Presentation prepared for the International Seminar on "The Post-Test Scenario in South Asia: Issues, Problems, and Alternative Strategies"
Berlin, Humboldt University, 18-19 June, 1999


Consequences of the South Asian Nuclear Tests for nuclear arms control, non-proliferation and disarmament

by Oliver Meier

I. The self-declarations of India and Pakistan as nuclear weapon states (NWS) have changed the post-World War II nuclear order. From an arms control perspective, a dilemma exists: In order to stabilize the situation in the region and prevent an escalation of the current arms race, it is important to involve India and Pakistan in nuclear arms control and non-proliferation. This could entail the open or implicit recognition of the NWS status of India and Pakistan. However, such pragmatic steps might be perceived by other non-nuclear weapon states (NNWS) as a new nuclear "realpolitik". If the two countries are perceived to have been rewarded for going nuclear, this could not only weaken the global non-proliferation norm, but other states might be tempted to follow the same road of nuclearization.

One major challenge is therefore to involve India and Pakistan in such a way in nuclear arms control and non-proliferation regimes that the nuclear competition between India, China, Pakistan is stabilized and eventually reversed while guarding global non-proliferation norms. India and Pakistan bear the main responsibility for finding this balance. However, much will also depend on the flexibility of the international community at large, and especially the willingness of all nuclear weapon states to enter into a process that has the elimination of nuclear weapons as its clear goal.

II. Up until today, there is no clear-cut international response to the tests that took place in May 1998. The international community is almost united in opposing the tests, being pessimistic about their consequences for nuclear disarmament, doubting the utility of sanctions and hoping that the Comprehensive Test Ban Treaty (CTBT) can be saved. However, differences in approaches exist between many groups in international politics – the P5, Western group, non-aligned countries, and Asian states – and often even within these groups. In addition, new groupings like the New Agenda Coalition which cut across political and regional lines have been emerging. The NNWS can be divided into two broad groups: 'Pragmatists', who are flexible in dealing with India and Pakistan, and 'conservatives', who fear that pragmatic solutions might damage well-established disarmament and non-proliferation norms.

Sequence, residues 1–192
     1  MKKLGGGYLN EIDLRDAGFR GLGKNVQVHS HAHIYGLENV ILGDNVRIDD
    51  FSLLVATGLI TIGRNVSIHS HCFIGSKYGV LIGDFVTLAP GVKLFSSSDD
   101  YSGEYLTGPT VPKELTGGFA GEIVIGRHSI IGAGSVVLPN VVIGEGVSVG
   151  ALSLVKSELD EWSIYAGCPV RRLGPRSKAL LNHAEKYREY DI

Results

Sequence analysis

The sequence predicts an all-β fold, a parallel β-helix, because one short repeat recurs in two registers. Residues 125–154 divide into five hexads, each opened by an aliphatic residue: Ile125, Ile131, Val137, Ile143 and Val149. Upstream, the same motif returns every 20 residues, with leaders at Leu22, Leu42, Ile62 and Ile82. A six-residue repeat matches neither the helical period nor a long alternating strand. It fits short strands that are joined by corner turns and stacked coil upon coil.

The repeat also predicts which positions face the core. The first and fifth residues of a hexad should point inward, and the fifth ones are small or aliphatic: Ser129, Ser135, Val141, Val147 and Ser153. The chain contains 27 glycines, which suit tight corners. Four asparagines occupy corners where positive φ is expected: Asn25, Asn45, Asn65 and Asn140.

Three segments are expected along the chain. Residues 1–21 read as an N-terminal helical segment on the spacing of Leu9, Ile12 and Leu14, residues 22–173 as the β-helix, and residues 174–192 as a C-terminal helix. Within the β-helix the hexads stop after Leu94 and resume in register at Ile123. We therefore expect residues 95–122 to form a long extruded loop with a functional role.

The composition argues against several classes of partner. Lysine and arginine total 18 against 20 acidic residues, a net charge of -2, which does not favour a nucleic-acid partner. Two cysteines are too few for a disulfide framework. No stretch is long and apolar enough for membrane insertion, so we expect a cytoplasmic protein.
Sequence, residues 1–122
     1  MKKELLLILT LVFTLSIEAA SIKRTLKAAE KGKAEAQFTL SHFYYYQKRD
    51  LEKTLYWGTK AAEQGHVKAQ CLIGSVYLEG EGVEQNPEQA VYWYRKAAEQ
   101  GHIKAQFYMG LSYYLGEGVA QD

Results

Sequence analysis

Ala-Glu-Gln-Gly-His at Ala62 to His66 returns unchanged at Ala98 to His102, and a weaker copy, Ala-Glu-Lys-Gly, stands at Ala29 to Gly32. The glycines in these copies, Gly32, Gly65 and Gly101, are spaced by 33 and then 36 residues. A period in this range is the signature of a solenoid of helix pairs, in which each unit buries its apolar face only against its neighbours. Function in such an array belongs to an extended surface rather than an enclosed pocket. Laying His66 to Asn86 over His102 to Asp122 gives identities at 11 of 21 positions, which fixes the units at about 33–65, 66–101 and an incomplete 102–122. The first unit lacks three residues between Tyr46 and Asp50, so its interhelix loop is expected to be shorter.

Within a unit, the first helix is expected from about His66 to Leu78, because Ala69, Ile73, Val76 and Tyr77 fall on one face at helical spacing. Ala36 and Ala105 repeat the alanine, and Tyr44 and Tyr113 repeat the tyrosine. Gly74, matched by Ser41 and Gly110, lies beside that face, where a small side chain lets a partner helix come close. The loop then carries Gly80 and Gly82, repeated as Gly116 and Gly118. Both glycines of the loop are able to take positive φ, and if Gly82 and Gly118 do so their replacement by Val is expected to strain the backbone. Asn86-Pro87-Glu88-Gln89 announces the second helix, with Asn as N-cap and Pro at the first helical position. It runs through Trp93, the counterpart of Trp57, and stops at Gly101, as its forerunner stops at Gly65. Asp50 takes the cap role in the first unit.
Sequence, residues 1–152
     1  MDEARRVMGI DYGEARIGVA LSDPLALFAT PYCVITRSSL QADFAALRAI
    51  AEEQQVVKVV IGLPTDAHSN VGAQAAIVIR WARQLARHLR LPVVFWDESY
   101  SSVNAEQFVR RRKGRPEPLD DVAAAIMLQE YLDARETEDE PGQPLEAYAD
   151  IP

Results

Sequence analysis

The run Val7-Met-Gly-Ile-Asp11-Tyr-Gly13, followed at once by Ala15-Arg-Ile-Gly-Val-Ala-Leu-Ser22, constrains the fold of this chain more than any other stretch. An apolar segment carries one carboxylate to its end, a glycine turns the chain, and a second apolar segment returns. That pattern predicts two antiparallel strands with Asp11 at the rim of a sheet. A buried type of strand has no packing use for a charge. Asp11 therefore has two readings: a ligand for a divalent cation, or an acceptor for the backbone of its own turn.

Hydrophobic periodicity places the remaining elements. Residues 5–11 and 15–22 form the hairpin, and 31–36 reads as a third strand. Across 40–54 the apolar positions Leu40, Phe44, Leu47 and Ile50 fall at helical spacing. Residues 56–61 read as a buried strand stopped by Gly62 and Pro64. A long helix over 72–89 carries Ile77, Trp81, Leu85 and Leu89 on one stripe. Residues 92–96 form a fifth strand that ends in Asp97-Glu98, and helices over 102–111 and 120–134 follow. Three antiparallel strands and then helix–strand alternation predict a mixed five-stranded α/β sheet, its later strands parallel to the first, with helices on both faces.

'Pragmatists' think that India and Pakistan are nuclear weapon states and should be dealt with as such without formally recognizing them as nuclear weapons states under the Nuclear Non-Proliferation Treaty (NPT). 'Pragmatists' see sanctions as potentially counterproductive because they isolate India and Pakistan, where involvement is needed. 'Pragmatists' argue that the NPT is not directly affected by the tests because India and Pakistan are not members of the treaty. According to this view, the P5 can play a positive role by involving India and Pakistan. The NWS should make good on their NPT Article VI promises, but this will not have a direct effect on India and Pakistan's nuclear policies.

'Conservatives' think that India and Pakistan must not be recognized as nuclear weapon states, either implicitly or explicitly. For 'conservatives' it is also important that India and Pakistan must not be rewarded in any way. They therefore do not oppose and often favor sanctions. 'Conservatives' argue that the norms of the NPT must be protected at all costs, even at the cost of isolating India and Pakistan, when necessary.